Security’s Foe: Complexity (Part 1)

Newflash:           Complexity does not mean or provide security.

Although there probably is a company out there that hasn’t purchased a firewall, isn’t running anti-virus software, and has no plans to implement intrusion prevention technology, there are plenty that have spent the equivalent of Ughanda’s GDP for the last 5 years on security technology. After 10 years of security work and countless conversations with peers, I have concluded all this spending is not solving the fundamental problem security set out to address: create safe and secure environments.

Why not?

The answer lies in why many business don’t have many of the generally accepted mainstream security technologies deployed. Complexity.

The complexity of security solutions and the perceived inability of security to meet dynamic business needs because of that complexity are some of the key underminers of security.

It almost begins to sound like a popular comedian’s tagline:

  • If your security solution or product requires a triple PhD from MIT to operate, you might have a complexity problem.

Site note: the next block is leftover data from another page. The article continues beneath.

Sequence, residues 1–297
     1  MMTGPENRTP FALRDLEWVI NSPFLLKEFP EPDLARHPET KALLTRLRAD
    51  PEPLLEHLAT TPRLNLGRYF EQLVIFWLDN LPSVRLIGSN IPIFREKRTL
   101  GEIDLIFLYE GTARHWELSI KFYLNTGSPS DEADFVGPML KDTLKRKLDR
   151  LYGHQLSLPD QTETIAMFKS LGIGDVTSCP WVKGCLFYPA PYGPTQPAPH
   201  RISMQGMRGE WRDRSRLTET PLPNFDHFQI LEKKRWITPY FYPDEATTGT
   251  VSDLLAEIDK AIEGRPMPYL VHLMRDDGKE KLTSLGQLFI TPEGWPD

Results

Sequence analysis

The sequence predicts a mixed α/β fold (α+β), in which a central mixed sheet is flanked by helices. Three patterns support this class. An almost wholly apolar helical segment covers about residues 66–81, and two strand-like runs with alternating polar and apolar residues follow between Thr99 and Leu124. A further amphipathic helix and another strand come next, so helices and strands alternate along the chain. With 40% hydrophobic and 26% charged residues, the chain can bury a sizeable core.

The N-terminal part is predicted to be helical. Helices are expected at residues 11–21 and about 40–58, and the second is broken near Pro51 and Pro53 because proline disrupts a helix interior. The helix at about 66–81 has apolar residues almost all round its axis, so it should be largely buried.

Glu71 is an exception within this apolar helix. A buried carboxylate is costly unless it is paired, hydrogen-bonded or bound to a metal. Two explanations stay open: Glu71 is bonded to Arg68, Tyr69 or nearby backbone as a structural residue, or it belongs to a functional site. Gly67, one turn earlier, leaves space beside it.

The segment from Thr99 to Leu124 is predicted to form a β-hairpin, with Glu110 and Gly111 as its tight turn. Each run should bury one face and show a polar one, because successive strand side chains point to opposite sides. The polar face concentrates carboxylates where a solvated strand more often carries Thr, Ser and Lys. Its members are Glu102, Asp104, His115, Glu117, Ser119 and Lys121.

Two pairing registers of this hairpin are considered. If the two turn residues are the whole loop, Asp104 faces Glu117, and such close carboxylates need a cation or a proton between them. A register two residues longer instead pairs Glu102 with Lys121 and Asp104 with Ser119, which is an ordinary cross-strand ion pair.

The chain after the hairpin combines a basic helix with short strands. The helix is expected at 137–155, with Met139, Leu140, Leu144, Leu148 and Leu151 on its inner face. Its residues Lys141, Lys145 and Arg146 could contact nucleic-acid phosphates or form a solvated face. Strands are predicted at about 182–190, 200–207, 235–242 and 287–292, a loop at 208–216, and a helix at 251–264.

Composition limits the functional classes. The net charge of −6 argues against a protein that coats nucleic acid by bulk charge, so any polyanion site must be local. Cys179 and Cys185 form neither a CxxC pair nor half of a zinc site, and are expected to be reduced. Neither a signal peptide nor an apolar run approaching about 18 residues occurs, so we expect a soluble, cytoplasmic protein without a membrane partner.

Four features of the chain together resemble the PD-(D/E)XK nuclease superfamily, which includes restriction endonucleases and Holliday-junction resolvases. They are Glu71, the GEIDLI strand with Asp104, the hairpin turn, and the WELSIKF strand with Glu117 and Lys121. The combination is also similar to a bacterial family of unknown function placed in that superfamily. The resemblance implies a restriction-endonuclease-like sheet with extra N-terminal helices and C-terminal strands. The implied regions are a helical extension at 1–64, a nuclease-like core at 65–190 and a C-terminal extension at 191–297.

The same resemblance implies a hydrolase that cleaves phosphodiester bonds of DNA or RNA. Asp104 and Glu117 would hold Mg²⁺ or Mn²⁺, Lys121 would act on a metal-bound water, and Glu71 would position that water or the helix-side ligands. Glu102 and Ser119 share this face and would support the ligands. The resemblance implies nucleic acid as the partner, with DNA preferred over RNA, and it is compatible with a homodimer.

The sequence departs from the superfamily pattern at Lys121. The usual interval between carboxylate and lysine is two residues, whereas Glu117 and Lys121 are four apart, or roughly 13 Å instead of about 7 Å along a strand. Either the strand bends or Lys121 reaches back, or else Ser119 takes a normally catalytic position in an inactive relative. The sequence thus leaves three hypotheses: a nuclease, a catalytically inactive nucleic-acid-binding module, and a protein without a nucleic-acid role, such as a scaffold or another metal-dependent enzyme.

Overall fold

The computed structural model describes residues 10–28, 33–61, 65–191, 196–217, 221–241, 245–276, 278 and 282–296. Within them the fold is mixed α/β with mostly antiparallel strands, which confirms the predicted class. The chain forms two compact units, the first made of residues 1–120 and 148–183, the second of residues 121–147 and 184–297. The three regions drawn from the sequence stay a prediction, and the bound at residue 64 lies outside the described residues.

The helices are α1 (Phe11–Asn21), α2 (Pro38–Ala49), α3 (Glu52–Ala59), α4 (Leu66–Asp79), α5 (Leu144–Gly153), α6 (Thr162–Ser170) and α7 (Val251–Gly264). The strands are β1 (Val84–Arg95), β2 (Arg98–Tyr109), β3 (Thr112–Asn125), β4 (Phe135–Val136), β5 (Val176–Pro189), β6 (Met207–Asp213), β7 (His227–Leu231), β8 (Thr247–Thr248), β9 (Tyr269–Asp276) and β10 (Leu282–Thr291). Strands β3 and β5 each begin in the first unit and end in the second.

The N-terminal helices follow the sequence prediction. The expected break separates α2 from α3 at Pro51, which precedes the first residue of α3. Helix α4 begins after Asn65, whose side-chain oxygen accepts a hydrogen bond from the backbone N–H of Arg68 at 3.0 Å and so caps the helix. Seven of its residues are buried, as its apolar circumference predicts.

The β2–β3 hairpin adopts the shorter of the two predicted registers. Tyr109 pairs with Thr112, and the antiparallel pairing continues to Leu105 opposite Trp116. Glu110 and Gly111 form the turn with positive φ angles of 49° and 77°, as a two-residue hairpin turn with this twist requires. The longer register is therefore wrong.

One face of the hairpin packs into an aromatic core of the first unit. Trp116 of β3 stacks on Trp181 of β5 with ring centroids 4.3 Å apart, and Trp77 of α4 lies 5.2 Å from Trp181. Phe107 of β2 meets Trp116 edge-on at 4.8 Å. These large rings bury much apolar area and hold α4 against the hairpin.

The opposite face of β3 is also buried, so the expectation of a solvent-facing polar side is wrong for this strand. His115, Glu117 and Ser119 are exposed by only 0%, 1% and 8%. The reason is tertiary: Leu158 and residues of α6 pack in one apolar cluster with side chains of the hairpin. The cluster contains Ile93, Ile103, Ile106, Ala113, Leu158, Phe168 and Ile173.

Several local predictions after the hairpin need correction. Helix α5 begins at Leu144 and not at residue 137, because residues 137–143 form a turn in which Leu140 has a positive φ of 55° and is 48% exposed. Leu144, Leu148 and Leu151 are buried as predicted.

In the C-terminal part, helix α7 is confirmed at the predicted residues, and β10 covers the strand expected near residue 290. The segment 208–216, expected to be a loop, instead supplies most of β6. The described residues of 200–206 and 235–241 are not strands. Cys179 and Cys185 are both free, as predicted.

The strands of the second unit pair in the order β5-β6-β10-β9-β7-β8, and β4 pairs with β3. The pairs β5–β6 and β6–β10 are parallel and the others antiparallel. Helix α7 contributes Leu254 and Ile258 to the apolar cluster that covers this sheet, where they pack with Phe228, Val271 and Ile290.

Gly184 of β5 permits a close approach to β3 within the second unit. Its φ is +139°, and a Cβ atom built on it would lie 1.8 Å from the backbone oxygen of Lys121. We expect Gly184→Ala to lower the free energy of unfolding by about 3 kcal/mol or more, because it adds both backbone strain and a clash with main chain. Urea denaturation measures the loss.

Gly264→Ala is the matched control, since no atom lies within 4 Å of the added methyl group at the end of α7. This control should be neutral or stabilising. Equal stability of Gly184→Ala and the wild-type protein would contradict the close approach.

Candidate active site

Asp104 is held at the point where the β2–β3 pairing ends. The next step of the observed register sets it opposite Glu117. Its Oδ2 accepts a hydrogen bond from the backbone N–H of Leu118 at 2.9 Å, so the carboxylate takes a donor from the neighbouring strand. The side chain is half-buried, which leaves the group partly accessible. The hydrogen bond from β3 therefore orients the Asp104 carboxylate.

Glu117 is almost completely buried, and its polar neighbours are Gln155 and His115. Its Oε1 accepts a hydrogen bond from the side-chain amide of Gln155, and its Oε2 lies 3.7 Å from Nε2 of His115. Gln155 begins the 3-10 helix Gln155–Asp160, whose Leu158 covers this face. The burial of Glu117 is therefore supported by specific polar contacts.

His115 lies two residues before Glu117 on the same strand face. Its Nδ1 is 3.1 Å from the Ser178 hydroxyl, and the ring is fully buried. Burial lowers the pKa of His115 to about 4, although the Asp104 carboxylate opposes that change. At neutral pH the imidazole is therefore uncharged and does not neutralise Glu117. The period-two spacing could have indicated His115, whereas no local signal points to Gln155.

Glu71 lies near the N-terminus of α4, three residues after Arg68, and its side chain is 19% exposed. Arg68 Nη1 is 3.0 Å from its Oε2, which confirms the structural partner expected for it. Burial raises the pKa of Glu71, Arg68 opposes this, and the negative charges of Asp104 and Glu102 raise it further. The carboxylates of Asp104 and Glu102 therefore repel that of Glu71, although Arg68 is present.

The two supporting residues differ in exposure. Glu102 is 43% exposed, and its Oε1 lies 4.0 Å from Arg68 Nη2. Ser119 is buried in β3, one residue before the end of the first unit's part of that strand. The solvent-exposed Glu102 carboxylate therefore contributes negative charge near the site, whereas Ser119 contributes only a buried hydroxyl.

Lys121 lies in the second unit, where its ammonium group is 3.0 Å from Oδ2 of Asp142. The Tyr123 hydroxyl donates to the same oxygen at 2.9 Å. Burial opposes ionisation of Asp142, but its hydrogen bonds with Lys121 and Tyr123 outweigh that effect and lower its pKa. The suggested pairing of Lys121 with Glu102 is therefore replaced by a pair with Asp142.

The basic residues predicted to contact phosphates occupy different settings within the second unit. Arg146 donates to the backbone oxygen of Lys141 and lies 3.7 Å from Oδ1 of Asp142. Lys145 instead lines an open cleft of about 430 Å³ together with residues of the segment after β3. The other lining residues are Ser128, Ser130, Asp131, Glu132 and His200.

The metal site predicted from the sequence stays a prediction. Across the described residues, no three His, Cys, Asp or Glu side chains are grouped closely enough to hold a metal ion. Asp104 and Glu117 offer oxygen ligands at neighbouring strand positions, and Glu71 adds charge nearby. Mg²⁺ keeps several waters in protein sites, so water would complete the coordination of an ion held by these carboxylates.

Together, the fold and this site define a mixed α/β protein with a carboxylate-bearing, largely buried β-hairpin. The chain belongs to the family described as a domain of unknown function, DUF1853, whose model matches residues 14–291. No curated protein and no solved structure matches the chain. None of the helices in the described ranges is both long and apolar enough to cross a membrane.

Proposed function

• If your security solution or product has not been updated since men walked on the moon, you might have a complexity problem.
  • If a 5lb block of swiss cheese has fewer holes in it than your security solution or product, you might have a complexity problem.

Sure there are all manner of security schemes on the market from network-based defenses and host-based defenses to security policy frameworks and security intelligence services to meet an organization’s security needs, but technology has only brought us to the place where we now need a room full of security experts pouring over event data or some artificial intelligence, akin to that of Skynet from the Terminator franchise, in order to determine whether our security is working or if the bad guys have just dumped the contents of the customer billing information database to a botnet-based auction system via a partner’s VPN connection using valid credentials they obtained through an infected email to an outsourced developer.

Fired up? Come back for part 2…

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Posted on October 4, 2007, in Security / Risk and tagged , . Bookmark the permalink. Leave a comment.

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